Life 100 Years Ago Essays On Success

Perhaps you've seen that viral list of facts about what life was like in 1915, which was printed in the latest issue of The Tower (a monthly publication of a gated community in Florida).

Or maybe you saw the very same list of of facts years ago, when it said it was about 1906, or 1902, or 1900.

The origin and sources of the original list are unknown, but the idea is provocative: What was life actually like 100 years ago?

We decided to find out. Not all of the data we dug up references 1915 precisely, but we got as close as we could with accurate and trustworthy sources — all of which are linked below.

The results paint a fascinating portrait:

  • In 1915, cocaine had only been illegal for a year; marijuana was still perfectly legal, available for purchase in pharmacies; and doctors still regularly prescribed heroin to patients.
  • In 1915, the word "teenager" was not yet in use.
  • In 1915, the constitutional amendment granting American women the right to vote had not yet passed.
  • In 1910, there were just over 14,000 people incarcerated in the US for first- or second-degree murder.
  • The population of Las Vegas was 22 in 1900, 800 in 1910, and 2,304 in 1920.
  • In 1900, the average life expectancy for an American man was 48.3. The average life expectancy for a woman was 51.1.
  • In 1913, the first dedicated gas station in the US opened in Pittsburgh. Before that, selling gas was a side business for various stores.
  • In 1940 (just 75 years ago), when the Census collected information on the plumbing in American homes, almost half lacked the trifecta of hot/cold water, a tub or shower, and a flush toilet.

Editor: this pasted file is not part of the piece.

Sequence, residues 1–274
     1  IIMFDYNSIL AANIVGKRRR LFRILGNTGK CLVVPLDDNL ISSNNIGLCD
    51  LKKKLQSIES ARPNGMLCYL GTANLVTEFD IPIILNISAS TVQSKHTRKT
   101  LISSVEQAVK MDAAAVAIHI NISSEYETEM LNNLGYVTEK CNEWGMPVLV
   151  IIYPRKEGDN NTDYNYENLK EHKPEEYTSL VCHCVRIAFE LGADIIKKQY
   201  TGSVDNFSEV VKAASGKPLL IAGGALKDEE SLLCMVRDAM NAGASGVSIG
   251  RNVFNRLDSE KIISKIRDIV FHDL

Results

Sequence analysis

• In 1901, Connecticut passed a law that included the country's first speed limit: 15 mph on general roads and 12 mph within city limits.
  • In 1915, the Eiffel Tower was the tallest structure in the world— a status it had held since its completion in 1889 and that it maintained until 1930.
  • In 1938, the US set its first minimum wage: 25 cents an hour.
  • In 1910, the average annual per capita income in the US was estimated at $332, or about $7,800 in current-day dollars. But that was decades before truly representative income samples were available.
  • In 1910, less than half of the US population lived in urban areas. (Today, it's 80%.)
  • In 1915, many practicing doctors in the US had been educated haphazardly since, according to the National Library of Medicine, "medical schools had become mostly diploma mills." That slowly began to change when the Johns Hopkins University School of Medicine, considered the first modern medical school, opened in 1893.
  • In 1915, a dozen eggs cost 34 cents; a gallon of milk cost 18 cents; and a pound of coffee cost 30 cents.
  • In 1910, agriculture was the most common industry Americans worked in. (By 1920, it had been surpassed by manufacturing; today, it's service jobs.)
  • In 1915, the three leading causes of death in the US were heart disease, pneumonia/influenza, and tuberculosis.
  • In 1915, canned beer, modern supermarkets, and Barbie dolls had not yet been invented.
  • In 1915, the US did not have an official national anthem.
  • In 1910, 7.7% of Americans said that they couldn't read or write, a sharp decline from 1870, when 20% said they were illiterate. (True rates of illiteracy may have been higher, since these were self-reported.)
  • In 1900, only about half of American children between five and 19-years-old were enrolled in school. Ending formal education after eighth grade was typical.

So you want your college essay to show admissions how amazing you are, but you don’t want to say, “Hey admissions—I’m amazing!”

Displaying your accomplishments without bravado is harder than most people think, especially in an assignment like the college application essay, which, when done well, can be a vehicle for highlighting some of your best assets and triumphs. Admissions truly wants to know what distinguishes you from the competition, but who wants to read 650 words of someone tooting his or her own horn? (Not me!) Talking about yourself requires a fine balance between humility and horn tooting.